A Star is Born Review
Even if you haven’t yet seen the 2018 box office hit A Star is Born (like me), the story is likely familiar by now: an aspiring singer/songwriter meets a famous rock musician who recognizes her talent and uses his fame to help put her in the spotlight. The two fall in love, and, well, a star is born. Romance, excitement - and a touch of the predictable.
And while that is all true, I found much more to chew on in this Bradley Cooper-directed film than I admit I expected. The compelling grit and rawness that Lady Gaga brings to the role of Ally, the aspiring singer, grounds the story and keeps it from getting schmaltzy (and her vocals? Amazing, of course). The tender ugliness that Bradley Cooper invests into the alcoholic rocker Jackson actually had me liking Bradley Cooper in a role for the first time. The shifting power dynamic in their relationship as their respective careers rise and fall feels complex, uncomfortable and powerful.
Even the songs, written by Gaga and Cooper alongside a handful of musicians and recorded live during filming, are both touching and catchy. The film’s eight Academy Awards nominations, including the big three of Best Picture, Best Actor and Best Actress, are well deserved, and while it may not be my pick for best film of 2018, it certainly deserves to be in the running.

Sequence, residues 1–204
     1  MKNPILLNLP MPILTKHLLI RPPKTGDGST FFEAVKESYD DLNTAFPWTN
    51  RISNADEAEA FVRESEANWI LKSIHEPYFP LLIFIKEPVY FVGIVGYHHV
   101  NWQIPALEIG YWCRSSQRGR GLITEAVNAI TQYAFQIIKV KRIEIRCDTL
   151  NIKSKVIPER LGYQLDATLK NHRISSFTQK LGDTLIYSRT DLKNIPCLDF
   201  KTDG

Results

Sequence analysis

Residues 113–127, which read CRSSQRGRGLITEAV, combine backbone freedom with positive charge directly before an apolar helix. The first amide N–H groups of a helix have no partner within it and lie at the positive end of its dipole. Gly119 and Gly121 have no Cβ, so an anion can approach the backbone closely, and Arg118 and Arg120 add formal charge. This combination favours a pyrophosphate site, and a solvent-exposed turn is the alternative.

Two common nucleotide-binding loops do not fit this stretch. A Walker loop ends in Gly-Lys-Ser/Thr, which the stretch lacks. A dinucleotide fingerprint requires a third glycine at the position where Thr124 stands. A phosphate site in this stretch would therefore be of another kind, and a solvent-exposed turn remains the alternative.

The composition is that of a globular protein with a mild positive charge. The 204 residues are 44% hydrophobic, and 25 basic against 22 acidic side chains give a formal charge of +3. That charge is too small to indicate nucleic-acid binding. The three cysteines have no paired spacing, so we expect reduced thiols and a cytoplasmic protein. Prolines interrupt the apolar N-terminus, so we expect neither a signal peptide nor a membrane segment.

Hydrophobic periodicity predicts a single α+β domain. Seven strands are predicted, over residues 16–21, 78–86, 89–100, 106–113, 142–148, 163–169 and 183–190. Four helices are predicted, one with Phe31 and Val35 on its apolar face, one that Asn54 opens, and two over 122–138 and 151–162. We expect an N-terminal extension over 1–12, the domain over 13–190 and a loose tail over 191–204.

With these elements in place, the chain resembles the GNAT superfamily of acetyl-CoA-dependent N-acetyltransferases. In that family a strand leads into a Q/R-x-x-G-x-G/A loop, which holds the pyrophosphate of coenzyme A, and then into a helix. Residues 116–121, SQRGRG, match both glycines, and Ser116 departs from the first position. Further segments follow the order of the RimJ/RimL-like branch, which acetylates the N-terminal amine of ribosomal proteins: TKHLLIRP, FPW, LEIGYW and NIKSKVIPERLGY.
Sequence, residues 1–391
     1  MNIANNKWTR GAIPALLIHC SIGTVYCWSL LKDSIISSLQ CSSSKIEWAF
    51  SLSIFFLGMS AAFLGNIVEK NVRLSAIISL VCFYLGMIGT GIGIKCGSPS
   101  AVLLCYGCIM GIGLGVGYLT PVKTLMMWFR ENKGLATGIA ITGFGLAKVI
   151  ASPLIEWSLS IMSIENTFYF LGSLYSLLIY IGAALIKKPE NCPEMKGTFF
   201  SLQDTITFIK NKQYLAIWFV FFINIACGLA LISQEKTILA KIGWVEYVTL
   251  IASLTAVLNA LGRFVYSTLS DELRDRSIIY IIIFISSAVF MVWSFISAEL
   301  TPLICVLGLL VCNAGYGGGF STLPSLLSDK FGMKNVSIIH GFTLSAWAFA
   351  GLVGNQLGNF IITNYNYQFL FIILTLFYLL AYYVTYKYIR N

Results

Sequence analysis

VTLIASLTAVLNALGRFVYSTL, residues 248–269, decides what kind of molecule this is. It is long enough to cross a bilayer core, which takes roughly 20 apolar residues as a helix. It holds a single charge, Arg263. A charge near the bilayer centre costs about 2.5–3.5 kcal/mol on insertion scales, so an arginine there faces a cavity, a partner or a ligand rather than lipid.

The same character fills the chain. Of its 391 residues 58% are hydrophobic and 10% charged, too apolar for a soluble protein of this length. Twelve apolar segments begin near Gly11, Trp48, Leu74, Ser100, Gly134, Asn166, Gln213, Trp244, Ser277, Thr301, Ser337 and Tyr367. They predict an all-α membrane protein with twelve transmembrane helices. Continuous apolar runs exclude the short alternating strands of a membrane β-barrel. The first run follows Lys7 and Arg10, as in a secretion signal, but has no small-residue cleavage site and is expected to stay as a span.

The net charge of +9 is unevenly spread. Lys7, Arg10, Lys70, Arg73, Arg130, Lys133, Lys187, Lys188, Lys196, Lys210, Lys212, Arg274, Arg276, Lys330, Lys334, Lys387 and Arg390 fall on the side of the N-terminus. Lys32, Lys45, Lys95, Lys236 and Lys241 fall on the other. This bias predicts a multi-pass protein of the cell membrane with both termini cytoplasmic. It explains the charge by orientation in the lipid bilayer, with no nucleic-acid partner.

A Star is Born is available now on digital download from Warner Bros. Home Entertainment, and will be released on 4K Ultra HD, Blu-ray and DVD on 11 February.
Any big fans of the film and/or the stars will want to go for the 4K Ultra HD or Blu-ray if they can, as it includes several extra features not found on the DVD, including jam sessions and featurette The Road to Stardom: Making A Star is Born. All disc formats include the music videos for ‘Shallow’ and ‘Always Remember Us This Way’.
A Star Is Born (2018)
Dir: Bradley Cooper | Cast: Andrew Dice Clay, Bradley Cooper, Lady Gaga, Sam Elliott | Writers: Bradley Cooper (screenplay by), Eric Roth (screenplay by), Frank Pierson (based on the 1976 screenplay by), Joan Didion (based on the 1976 screenplay by), John Gregory Dunne (based on the 1976 screenplay by), Moss Hart (based on the 1954 screenplay by), Robert Carson (based on a story by), Will Fetters (screenplay by), William A. Wellman (based on a story by)